Friday, July 29, 2011

All the "easy" oil and gas may be gone, but still ...

While most regions of Canada have imposed moratoriums on "fracking," using jackhammers and / or high pressure water injections to get out natural gas, one province -- British Columbia -- is going, pardon the expression, full steam ahead and allowing our favourite (NOT!) mining company Talisman Energy to draw water from one of the few pure water sources left in the country for the next twenty years.

Many states in the US have put either moratoriums or outright bans after complaints that the release of gas buried underground for aeons caused health problems for many, not the least of which were headaches that could not be explained otherwise.   Ontario has long had a ban on fracking in Lake Erie for the same reason (although the practice continues elsewhere), and Québec earlier this month also put a hold on the practice until more can be found out about how to do it safely.  The next thing we know we may see the rise of cancer clusters -- technically defined as when an area near a suspect source has a rate of cancer at least five percent above the national average.

In these tough times revenues are scarce and if there was indeed a way to do it safely even I would support it.   But the current methods are only "safe" because the industry tells us that it is and they pay off commercial media (with advertising) and government (via royalties) to maintain the status quo.   To the argument that over the counter medications can cause the same issues, one has to reply that if there was a proven causal link with the drug it would be either banned or put into a more restrictive class.

But there is no such recourse with water supplies that are deliberately depleted for short term profit.   One only has to look at the ongoing water wars in California which date back more than century and still continue to this day.    The Owens River is only about 5% of what it was around 1908 and that's because of the clever way Sacramento dealt with the issue of sharing the water -- it ruled that if a community in the "Southland" wanted to get the water it had to merge into Los Angeles.   This partly explains why so little of LA remains irrigated land.  This also explains the convoluted city map of the "City of Angels" and why communities such as Hollywood, Bel Air, Van Nuys, Sherman Oaks and South Central are all part of LA; whilst West Hollywood, Beverly Hills, Flintridge, Marina Del Ray and the City of Industry are not.     Even now farmers are pitted against urban dwellers -- and that's not taking the interests of aboriginal Californians into account.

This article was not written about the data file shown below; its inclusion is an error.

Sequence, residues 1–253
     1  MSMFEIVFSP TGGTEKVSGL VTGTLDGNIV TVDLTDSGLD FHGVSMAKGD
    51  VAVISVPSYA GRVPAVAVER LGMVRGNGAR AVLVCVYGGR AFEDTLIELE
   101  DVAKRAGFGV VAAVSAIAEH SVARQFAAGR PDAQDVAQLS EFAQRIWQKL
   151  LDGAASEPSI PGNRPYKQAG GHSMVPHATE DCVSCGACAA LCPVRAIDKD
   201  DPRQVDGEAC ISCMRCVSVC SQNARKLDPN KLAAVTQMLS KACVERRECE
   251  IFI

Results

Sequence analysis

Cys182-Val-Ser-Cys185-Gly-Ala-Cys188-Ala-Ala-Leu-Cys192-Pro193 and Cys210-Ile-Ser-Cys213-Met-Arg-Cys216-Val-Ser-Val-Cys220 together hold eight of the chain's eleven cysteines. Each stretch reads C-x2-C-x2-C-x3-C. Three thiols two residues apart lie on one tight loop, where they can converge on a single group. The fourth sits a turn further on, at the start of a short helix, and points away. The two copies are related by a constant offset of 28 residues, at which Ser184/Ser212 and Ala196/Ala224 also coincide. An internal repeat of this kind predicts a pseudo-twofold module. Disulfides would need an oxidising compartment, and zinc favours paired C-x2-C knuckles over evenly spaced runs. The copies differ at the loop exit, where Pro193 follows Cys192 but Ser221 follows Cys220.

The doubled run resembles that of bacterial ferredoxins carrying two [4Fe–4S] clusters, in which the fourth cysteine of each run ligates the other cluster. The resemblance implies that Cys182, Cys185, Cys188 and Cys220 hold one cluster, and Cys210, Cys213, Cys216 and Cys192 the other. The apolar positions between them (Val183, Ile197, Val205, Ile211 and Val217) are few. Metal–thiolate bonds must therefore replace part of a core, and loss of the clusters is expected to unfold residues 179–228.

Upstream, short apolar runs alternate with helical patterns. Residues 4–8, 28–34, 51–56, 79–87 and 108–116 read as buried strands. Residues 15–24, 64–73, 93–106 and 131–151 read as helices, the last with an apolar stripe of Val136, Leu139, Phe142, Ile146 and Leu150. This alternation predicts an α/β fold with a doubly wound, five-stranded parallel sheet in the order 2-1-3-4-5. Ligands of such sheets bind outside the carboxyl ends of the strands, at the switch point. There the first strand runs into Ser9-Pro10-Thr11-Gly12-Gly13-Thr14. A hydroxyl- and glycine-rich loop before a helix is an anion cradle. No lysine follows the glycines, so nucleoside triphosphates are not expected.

California is taking the step of requiring would be "frackers" to disclose just much water they are using as well as what chemicals and a realistic environmental assessment of what the worst case scenario would be.   Then that assessment would be subject to public hearings.

I think my home province of Ontario ought to do the same.   We may be the land of 250,000 lakes but water is no longer the infinite resource we once thought it was.

Going out west, the rapid decline in ice melt is going to cause headaches for the Prairies as the Athabascan and Saskatchewan Rivers flow less freely in future years, and which provinces have to ask their brethren in BC to share what's left in their lakes via pipeline.    But what if there's nothing left but water polluted with tailings from mining and harsh petrochemicals from the extraction of oil and gas?    The future is not friendly by any means.   Even the oil workers on the tar sands know their bosses are using too much water and are oddly on side with the city parents in Fort McMurray in fighting to keep what little water is left.

There's no question all the easy oil and natural gas may be gone.   But just allowing a company to take the water with no questions asked and a promise of royalties that do not account for the long term damage is just irresponsible.   On this one, I say proceed with caution.    If there are more efficient ways to extract the oil and gas while ensuring a renewable supply of potable water then I'm all for it.   Until then we should hold off.


Anonymous said...

The same thing is being argued about wind turbines...

The Mound of Sound said...

Yeah, BC is gung-ho on fracking but that's partly because the northeastern part of the province is very lightly populated. It's the same "out of sight/out of mind" thinking that lets Calgarians stay enthusiastic about the tar sands.